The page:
Investor Ann De Jong of Las Vegas told her Wells Fargo advisors that she didn’t want to gamble with her savings and instead wanted them invested conservatively.
When she lost about $41,000, or 6%, of the portfolio due to some equity positions, the emergency-room physician filed a complaint with the Financial Industry Regulatory Authority.
The FINRA panel ruled in late August that Wells Fargo must pay her back — in a decision that seems to be the first case of a client citing Nevada’s new fiduciary rule in her complaint, according to a report in Friday’s Wall Street Journal. The rule has yet to be finalized.
“It was my life savings. It was a nightmare,” De Jong told the paper.
Her FINRA award included compensatory damages of $40,851.40 plus interest and costs of $600. And it came about nine months after it was filed.
In response, a Wells Fargo spokeswoman said in a statement: “The company is disappointed with the results of this matter. As is consistent with FINRA arbitration awards, the award does not provide a basis for its conclusion.”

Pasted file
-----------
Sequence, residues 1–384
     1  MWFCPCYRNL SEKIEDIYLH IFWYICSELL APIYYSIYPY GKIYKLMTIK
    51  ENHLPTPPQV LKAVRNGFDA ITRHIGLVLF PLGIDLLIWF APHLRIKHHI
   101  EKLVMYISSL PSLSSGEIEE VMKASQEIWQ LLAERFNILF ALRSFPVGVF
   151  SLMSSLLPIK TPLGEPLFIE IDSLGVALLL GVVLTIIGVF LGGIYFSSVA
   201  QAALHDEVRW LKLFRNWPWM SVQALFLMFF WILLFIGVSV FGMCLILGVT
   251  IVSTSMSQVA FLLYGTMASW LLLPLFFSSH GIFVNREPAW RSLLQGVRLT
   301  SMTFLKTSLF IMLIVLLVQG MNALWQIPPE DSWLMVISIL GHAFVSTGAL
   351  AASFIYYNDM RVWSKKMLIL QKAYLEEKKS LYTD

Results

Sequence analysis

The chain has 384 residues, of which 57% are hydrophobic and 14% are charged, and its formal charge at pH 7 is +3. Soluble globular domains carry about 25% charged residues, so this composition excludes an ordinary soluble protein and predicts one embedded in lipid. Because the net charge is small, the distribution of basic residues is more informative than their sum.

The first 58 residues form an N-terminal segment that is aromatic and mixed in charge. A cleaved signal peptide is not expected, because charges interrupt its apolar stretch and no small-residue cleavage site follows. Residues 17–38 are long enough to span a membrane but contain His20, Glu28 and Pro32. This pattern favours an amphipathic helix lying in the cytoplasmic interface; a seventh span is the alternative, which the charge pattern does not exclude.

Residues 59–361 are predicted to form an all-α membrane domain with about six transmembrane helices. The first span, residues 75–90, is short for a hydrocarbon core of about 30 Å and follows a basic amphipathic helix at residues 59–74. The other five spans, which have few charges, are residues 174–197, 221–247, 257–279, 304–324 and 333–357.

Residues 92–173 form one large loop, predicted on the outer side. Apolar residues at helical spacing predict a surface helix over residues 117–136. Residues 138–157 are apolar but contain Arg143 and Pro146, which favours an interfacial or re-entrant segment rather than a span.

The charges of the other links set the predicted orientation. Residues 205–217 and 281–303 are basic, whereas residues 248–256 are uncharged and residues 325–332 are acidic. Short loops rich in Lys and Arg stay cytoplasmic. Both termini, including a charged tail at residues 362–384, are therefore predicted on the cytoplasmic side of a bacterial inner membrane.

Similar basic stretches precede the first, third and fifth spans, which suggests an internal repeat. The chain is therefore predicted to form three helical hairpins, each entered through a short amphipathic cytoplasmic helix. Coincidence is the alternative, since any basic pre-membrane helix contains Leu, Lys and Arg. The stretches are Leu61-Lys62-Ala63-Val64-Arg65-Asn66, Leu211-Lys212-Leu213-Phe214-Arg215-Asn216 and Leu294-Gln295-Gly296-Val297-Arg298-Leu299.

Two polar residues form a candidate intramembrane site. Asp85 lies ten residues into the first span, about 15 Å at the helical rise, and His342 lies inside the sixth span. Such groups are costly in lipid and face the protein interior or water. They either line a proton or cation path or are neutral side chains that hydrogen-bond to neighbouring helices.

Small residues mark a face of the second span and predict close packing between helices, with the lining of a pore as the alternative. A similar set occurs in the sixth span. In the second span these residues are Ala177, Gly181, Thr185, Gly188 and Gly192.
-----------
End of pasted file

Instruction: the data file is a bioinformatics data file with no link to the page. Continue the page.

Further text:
De Jong received legal advice from a law clinic at the University of Nevada, Las Vegas, which is led by professor Benjamin Edwards.
Her complaint asserted the following causes for action: “breach of fiduciary duty; negligence; failure to supervise; fraudulent misrepresentation and omissions; and violations of Nevada’s state securities law.”
Nevada’s Legislature passed a fiduciary statute for securities in 2017, but the law cannot be implemented until final regulations are put into place.
The state issued those proposed regs on Jan. 18, with a comment period that expired on March 1. Nevada is expected to hold a hearing on its fiduciary plan in the near future and has to provide notice 30 days before the hearing.
“Our view was that the statute alone was enough for a private claimant to bring a claim on already — even if the regulations which will help define the scope of the term have not yet been implemented,” Edwards said in an email to ThinkAdvisor.
The advisors named in the arbitration decision are Robert Glenn Kaiser, whose request to have the matter removed from his regulatory record was denied by the FINRA panel, and Daniel Andrew Rosengarten, who did not pursue an expungement request. They have 19 and four years, respectively, in the business, according to FINRA BrokerCheck.